1. “The Court of Appeals’ holding underscores how important it is for new plan fiduciaries to inform themselves thoroughly about a plan’s operations, consultants and service providers with whom the plan has contracted. New fiduciaries should raise with co-fiduciaries any concerns about existing relationships after conducting their review.

2. The mere fact that an imprudent relationship predates a fiduciary’s tenure does not shield the fiduciary from liability. The duties to be informed about plan business and to act prudently include a duty to be informed about, raise objections to, and protect the fund from any imprudent relationships that are in place with consultants and service providers when a fiduciary’s term begins.

3. Plan fiduciaries may wish to review their and their plan’s insurance coverage. ERISA plan fiduciary liability insurance covers claims against current and former plan trustees and, if they are named in the policy, plan administrators who have fiduciary duties. In case of a claim of breach of fiduciary duty, within the insurance policy’s limits the insurer provides and pays for defense counsel, and indemnifies the plan fiduciary from liability, provided that the claim is not excluded from the policy’s coverage.”

Given the tsunami of litigation (with all indications that more is on its way), pension fiduciaries need to assess their personal and professional risk.

It’s scary stuff indeed. Email us if you want to know more about our fiduciary and board training programs. If you are an attorney, ask to receive our complimentary pension governance kit.

The 401(k) Fee Blame Game: Who’s Next?

Chances are you’ve read about the flurry of cases recently filed against nearly a dozen 401(k) plan sponsors, alleging fiduciary breach by allowing plans to levy unreasonably high fees. Regardless of the legal outcome, the complaints are creating a buzz while encouraging plan sponsors everywhere to reassess their own situation.

In a recent client alert, law firm Dechert LLP wrote that “Under ERISA, an employer that provides a 401(k) plan to its employees is a “Plan Sponsor” and may also serve as “Plan Administrator.” Both the Sponsor and Administrator are fiduciaries of the 401(k) plan. ERISA requires that that the Sponsor and Administrator ensure that fees borne by the plans be reasonable, and be incurred solely for the benefit of plan participants. In addition, 401(k) plans generally provide for participant-directed investment and are designed to comply with the rules under ERISA Section 404(c) which permit Plan Sponsors and Administrators to avail themselves, under certain circumstances, of a statutory safe harbor from fiduciary liability for the results of such investment elections. The safe harbor under ERISA Section 404(c) is available only where the fiduciaries allow the participants “the opportunity to obtain sufficient information to make informed decisions with regard to investment alternatives available under the plan.”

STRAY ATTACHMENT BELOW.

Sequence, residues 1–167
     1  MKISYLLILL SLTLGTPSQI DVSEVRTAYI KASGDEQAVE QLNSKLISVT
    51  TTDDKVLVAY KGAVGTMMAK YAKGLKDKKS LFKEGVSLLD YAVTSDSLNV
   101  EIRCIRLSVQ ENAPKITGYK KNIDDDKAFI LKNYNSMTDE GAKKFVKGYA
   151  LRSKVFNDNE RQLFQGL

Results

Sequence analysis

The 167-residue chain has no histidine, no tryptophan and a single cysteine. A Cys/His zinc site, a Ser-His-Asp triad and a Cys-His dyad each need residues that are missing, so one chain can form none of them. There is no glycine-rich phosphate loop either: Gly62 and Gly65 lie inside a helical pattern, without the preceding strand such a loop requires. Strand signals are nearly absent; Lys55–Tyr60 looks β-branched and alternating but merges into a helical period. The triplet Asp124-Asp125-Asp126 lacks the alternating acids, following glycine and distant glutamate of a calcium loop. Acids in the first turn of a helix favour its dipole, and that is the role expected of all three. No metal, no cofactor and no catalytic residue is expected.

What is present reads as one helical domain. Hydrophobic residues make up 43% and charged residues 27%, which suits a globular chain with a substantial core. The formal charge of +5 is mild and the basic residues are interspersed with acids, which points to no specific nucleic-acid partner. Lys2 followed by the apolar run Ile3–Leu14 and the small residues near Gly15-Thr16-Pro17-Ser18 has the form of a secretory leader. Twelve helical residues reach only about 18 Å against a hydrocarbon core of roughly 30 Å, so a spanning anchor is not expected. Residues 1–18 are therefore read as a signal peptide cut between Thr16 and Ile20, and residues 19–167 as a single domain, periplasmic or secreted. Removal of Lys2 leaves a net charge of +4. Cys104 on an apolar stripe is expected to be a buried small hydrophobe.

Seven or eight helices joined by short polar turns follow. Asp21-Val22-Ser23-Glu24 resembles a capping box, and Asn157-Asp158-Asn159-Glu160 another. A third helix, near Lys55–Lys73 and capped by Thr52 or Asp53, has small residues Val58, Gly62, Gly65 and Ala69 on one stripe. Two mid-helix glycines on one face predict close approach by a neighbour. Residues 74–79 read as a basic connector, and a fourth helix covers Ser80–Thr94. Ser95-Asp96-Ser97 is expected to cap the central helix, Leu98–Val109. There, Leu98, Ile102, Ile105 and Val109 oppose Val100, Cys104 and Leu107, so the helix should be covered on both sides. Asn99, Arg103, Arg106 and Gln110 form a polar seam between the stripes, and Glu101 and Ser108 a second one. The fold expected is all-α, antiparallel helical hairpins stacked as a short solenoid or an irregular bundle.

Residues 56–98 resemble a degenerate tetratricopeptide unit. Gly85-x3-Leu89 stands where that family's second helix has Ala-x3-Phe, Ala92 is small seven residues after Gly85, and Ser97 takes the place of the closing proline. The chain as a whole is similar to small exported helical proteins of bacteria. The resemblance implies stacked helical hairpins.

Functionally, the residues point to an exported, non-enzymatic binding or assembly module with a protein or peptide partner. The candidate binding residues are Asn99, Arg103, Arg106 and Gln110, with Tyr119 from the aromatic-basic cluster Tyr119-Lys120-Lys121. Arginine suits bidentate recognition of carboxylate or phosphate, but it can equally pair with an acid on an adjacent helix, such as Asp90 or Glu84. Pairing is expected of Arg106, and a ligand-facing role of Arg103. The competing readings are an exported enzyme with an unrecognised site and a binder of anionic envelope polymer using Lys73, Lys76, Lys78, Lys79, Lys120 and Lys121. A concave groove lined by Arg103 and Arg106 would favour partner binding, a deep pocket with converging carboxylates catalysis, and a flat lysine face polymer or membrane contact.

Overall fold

More recently, Mr. Robert J. Grassi (Director, Pensions & Investments – Corning Inc.) and Attorney Michael J. Prame (Principal, The Groom Law Group) addressed this important issue as part of the Association for Financial Professionals Annual Conference – “401(k) Plan Fees: What You Need to Know and What You Need to Do.” Citing concerns such as lack of fee transparency, hidden costs and potential conflicts of interest, Grassi and Prame provided audience members with a laundry list of types of direct and indirect compensation, respectively.

Both gentlemen talked about “the other shoe still to drop”, adding that the U.S. Department of Labor is “formulating guidance that would essentially require plan fiduciaries, before contracting with a service provider, to consider the indirect compensation to be received by the service provider.” They described a basis for imposing this obligation on fiduciaries in the form of the Frost/Aetna letters whereby “fiduciaries have a duty to obtain ‘sufficient information’ about the compensation that service providers receive from third-parties so that plan fiduciaries can make ‘informed decisions’ about whether the amounts that the plan pays are reasonable.” Expected U.S. Department of Labor initiatives to amend 408(b)(2) regulations are likely to accelerate additional disclosure about plan fees.